Let there be light!
Known for its dark atmosphere, Disneyland's Blue Bayou restaurant (the one you see from the Pirates of the Caribbean ride) has finally added tiny lights to their menus. So, next time you dine there, you can keep your cell phone where it belongs and order food without its assistance. To turn on the lights, lift up the menu's main cover and on the right-hand side there will be a small, hard flap with a button. Press that button and voila!
Now, I don't know how long they've been part of the menu. My last visit was in early 2018 and I didn't see the lights then. A little internet research shows that the lights have been there at least since October 2018 and that in 2016 the park experimented with menus that lit up from behind.
Also, getting Blue Bayou reservations can be tough unless you plan way ahead of time. But I was able to get in at the last-minute with the Disneyland app. I was also able to snag a late-night reservation to Oga's Cantina in Galaxy's Edge through the app.
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LED bulbs provide incredibly low-power light, and can last way longer than incandescent bulbs (though the lighting industry is trying to make LEDs artificially die more quickly, too). They also face an aesthetics issue: Almost every new form of low-power lighting is regarded as less pretty than traditional, old-school bulbs.
The one exception is the "filament" LED bulb, which uses little strings of LED to mimic the look of old-fashioned incandescent bulbs one finds in hipster craft-beer saloons. The sales of these are growing rapidly, as Bloomberg reports:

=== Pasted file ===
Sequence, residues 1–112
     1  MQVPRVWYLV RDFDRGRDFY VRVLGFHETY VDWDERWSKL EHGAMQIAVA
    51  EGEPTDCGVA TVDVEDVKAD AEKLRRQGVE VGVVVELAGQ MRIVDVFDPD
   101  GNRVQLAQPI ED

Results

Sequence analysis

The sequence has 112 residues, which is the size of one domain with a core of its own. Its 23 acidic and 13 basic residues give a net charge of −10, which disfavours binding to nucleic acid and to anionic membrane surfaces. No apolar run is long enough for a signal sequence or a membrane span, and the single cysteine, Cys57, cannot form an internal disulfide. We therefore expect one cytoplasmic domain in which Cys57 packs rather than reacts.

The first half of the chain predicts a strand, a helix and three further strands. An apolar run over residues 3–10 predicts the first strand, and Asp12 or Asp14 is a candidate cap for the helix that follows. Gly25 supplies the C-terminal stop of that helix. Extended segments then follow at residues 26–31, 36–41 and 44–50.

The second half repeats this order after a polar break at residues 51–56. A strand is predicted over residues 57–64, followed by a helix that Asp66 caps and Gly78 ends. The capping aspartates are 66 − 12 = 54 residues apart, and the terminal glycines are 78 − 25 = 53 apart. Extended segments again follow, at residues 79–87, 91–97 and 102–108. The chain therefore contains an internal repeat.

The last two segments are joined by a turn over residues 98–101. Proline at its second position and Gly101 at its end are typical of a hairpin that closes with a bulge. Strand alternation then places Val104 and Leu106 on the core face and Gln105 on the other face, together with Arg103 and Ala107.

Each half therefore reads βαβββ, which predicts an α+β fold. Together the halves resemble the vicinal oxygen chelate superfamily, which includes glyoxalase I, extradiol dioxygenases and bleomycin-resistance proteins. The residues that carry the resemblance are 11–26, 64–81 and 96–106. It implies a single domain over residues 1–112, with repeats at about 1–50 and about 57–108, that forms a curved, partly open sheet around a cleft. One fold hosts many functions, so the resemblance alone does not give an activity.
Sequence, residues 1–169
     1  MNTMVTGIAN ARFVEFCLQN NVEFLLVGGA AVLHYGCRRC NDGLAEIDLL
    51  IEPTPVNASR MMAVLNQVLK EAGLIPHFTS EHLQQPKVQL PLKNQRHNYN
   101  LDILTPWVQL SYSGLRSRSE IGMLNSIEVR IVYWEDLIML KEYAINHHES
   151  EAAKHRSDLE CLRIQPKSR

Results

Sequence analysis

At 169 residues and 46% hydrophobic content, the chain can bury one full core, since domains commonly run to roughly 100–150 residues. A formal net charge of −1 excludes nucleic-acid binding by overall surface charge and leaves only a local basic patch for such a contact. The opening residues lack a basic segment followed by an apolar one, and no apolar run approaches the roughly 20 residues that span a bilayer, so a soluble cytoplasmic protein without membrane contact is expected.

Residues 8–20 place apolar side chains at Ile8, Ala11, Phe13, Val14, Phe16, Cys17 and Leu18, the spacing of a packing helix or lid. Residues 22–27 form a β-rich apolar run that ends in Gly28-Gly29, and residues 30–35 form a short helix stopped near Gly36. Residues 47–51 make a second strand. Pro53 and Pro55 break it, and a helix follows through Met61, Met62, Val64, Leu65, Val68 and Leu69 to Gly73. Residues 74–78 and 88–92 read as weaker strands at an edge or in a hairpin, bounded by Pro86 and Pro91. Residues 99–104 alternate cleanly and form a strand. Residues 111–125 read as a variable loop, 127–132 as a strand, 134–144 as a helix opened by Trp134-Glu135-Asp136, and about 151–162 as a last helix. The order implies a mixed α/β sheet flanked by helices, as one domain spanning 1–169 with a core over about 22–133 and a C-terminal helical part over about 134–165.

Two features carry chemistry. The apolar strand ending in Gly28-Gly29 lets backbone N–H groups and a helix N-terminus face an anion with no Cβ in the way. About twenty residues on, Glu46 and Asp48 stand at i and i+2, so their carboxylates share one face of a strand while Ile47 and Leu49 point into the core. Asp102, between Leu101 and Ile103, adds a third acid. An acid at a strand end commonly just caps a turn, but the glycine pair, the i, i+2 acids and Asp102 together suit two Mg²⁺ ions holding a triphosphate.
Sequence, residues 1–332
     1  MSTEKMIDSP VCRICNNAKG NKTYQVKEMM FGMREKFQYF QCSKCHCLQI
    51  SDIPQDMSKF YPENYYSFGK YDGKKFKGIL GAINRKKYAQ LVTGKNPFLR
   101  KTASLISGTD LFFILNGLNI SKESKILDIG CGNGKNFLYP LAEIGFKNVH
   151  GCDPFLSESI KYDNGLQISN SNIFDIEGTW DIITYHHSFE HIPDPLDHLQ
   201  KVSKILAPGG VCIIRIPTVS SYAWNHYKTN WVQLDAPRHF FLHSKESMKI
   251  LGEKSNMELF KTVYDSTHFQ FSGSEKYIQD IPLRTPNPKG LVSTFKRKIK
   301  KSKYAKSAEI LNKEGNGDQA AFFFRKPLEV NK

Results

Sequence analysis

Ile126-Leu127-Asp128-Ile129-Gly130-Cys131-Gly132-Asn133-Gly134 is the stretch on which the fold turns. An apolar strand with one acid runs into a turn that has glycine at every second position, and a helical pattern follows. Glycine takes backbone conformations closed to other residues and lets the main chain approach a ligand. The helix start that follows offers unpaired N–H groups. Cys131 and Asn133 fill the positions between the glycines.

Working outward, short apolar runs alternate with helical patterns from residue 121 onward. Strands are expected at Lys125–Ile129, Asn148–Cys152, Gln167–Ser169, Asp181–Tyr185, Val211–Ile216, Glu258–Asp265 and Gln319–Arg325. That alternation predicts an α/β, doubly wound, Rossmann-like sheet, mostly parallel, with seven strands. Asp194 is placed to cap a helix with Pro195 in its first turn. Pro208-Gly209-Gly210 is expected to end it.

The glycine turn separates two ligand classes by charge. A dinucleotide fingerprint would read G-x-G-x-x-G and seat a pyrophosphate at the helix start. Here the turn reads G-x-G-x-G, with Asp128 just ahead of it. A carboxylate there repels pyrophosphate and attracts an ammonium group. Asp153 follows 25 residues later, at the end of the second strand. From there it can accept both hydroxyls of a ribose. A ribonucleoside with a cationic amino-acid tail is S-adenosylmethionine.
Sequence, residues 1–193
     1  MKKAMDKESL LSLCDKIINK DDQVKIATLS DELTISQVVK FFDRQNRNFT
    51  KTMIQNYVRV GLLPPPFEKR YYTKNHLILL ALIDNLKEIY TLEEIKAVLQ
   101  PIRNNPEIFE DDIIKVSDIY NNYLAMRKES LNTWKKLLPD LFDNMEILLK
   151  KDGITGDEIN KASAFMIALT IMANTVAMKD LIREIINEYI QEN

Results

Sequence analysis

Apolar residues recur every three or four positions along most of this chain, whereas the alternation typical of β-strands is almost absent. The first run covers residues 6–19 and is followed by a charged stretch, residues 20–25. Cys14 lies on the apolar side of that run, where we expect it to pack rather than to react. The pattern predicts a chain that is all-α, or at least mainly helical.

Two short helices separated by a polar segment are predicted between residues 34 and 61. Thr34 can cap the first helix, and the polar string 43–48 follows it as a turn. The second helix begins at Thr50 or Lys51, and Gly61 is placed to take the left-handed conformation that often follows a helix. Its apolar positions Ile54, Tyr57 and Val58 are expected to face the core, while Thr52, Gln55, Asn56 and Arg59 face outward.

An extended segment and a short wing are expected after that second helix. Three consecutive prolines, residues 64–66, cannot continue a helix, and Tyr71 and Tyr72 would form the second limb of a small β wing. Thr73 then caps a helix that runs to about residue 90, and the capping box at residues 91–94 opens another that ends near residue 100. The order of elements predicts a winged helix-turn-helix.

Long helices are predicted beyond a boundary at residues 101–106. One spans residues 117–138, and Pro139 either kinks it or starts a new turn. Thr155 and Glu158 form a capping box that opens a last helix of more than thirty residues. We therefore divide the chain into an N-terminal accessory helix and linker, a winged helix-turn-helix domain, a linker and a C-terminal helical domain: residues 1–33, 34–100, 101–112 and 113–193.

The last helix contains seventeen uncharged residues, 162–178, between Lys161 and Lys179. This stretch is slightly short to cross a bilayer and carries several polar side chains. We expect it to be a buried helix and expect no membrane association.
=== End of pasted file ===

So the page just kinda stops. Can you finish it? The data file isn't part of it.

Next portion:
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Filament LEDs could also solve a problem for policy makers who have long desired to ban inefficient incandescent bulbs, over the objections of consumers who prefer the old-style look. Almost a third of British people who voted to leave the European Union in 2016 said they wanted to see the return of the old bulbs that were banned by Brussels bureaucrats, according to a YouGov poll. Even Donald Trump wrongly warned in 2012 on Twitter that energy-saving bulbs can cause cancer because of the miniscule amounts of ultraviolet rays they give out.
With better aesthetics, filament LEDs could help speed the switch from the 7 billion incandescent lamps still lighting the planet. Lighting demand is expected to rise 50 percent in the next two decades as poorer countries gain more access to power, according to the United Nations. Switching to LEDs could offset some of that increase, avoiding the release of more than 390 million metric tons of carbon dioxide a year.